Nora Nilsen Healy ’26
No Rehearsal for College Actors
Recently, my friends and I were walking to the bus stop on my college campus, and an idea came to mind.
“Oh my god you guys…,” I started.
“Wait Nora,” my friend interrupted. “Why do you always start your sentences with ‘Oh my god’?”
“I do?” I asked.
“Yeah; you always start sentences by saying ‘oh my god’, and in class, you’ll raise your hand and say, ‘I have a question. It’s like you are planning all of your sentences ahead.”
“Huh,” I replied.
I had never thought of it like that, but it was true, I was. Being in the new college environment has me on edge. I’ve never considered myself a particularly standoffish or shy person, but now I find myself questioning my every move, and everything I say.
To put my mind off the whole college-imposter-syndrome-existential-dread of my first week, I decided to watch a show I had heard of online called The Rehearsal. This show follows Canadian comedian Nathan Felder as he works to create the perfect “rehearsal” for people’s real-life events, where they would practice a big moment over and over again as if it were real, complete with HBO-budget sets and actors. I thought I was going to watch a cringe comedy series, but instead, I found a mirror of myself and my insecurities and felt strangely comforted.
I think back to my first acting assignment. In class, we had to perform two of the four monologues we shared during our audition for the BFA program. When it was my turn, I nailed my first monologue. Feeling a rush of confidence, I decided to take a risk and do my Shakespearean monologue, which I knew I was weaker for me. As I finished, my acting teacher, Le’Asha, gave me a look.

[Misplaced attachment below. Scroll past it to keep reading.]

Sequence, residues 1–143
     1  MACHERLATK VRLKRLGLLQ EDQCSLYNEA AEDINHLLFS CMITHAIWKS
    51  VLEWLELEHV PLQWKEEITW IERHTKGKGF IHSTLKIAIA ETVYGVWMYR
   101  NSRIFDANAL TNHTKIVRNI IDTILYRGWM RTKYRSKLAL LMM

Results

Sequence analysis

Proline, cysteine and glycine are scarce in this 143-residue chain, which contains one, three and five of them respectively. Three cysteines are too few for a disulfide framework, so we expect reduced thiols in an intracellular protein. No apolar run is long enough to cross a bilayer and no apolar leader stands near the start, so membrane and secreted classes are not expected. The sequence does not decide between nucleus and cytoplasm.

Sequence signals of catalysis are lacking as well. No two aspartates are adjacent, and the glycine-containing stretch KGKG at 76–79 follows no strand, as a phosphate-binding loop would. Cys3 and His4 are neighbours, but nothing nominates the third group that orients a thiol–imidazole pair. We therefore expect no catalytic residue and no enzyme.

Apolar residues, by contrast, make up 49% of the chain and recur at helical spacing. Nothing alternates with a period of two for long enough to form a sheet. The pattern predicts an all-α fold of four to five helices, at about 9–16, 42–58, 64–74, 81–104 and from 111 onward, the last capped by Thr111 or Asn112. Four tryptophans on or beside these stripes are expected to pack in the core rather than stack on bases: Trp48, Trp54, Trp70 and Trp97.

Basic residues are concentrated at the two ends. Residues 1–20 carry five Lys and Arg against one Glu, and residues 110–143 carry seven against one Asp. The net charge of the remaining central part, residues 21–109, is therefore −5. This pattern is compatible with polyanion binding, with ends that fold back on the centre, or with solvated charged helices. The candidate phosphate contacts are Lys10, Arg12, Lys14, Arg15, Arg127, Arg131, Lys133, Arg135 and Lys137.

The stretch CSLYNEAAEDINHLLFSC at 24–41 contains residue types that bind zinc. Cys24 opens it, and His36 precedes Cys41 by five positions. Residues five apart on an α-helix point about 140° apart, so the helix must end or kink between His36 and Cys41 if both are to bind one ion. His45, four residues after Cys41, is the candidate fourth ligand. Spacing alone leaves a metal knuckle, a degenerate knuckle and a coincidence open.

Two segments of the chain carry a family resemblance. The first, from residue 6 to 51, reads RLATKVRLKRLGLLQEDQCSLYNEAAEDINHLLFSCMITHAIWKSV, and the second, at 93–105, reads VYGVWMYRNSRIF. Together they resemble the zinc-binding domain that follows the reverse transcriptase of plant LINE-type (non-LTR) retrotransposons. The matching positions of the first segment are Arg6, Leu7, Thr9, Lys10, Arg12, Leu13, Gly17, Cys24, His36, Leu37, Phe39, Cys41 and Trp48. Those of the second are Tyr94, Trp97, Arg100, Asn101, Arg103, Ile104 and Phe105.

“Ok,” she said, turning to the other actors, “How many people know what’s happening in this scene?”
Not a single person raised their hand.
“Yeah,” she said, with an air of finality. My soul died a little; my first impression was ruined.
When watching The Rehearsal, my mind immediately went to that moment. I would kill to be able to redo that 15-minute window. I even tried to, asking if I could perform another piece I had prepared. (The answer was no.) It felt as though with even just a little hindsight and planning, my monologues could have been so much better.
That is precisely what they do in the show. They find these stressful moments, admitting you lied to a friend, asking your brother for money, raising a child, and simulate them repeatedly. I can’t be the only person who finds this concept incredibly enticing! I know I’m not. The people Felder created rehearsals for were all real people, who really felt like these simulations could help them.
A couple of days after I first started watching, I recommended the show to another actor, a fellow student named Mathew.
“No,” he said shortly.
“Oh, come on, why not,” I asked.
“Because I hate that guy. He, like, makes my skin crawl. He’s just too much.”
Too much. I couldn’t argue with that. Felder’s entire personality is tailor-made to make you deeply uncomfortable, with his monotone voice, ducking head, and failure to make eye contact. This “too much” sentiment seems to spread to the show as well. There are TikTok’s upon TikTok’s that chastise Felder for going too far. Even in the very first episode of the show, the man to whom he was trying to rehearse calls him an “Awful, awful person” for manipulating him (“Orange Juice, No Pulp” 42:21).
I see all of this when I watch the show. However, seeing Felder be and do the absolute worst in order to tackle the insecurity of not being perfect, and then ultimately failing, makes me feel better. In the class that followed my mediocre delivery of a Shakespeare monologue, my teacher expressed how much she loved my contemporary comedy, which I hadn’t even thought about, because I was wrapped up in my perfectionism. Without The Rehearsal, I probably would have blown the compliment off, or continued to hyper-fixate. However, watching the show made me realize that perfection is impossible, and imperfection makes life important.
So now, maybe I will stop trying to prepare everything I say before I speak, or asking for ‘re-dos’ when things don’t go my way. By watching Nathan Felder, I realized that being insecure, and still rolling with it, is okay.
“Orange Juice, No Pulp.” The Rehearsal, created by Nathan Fielder, Season 1, Episode 1, HBO, 2022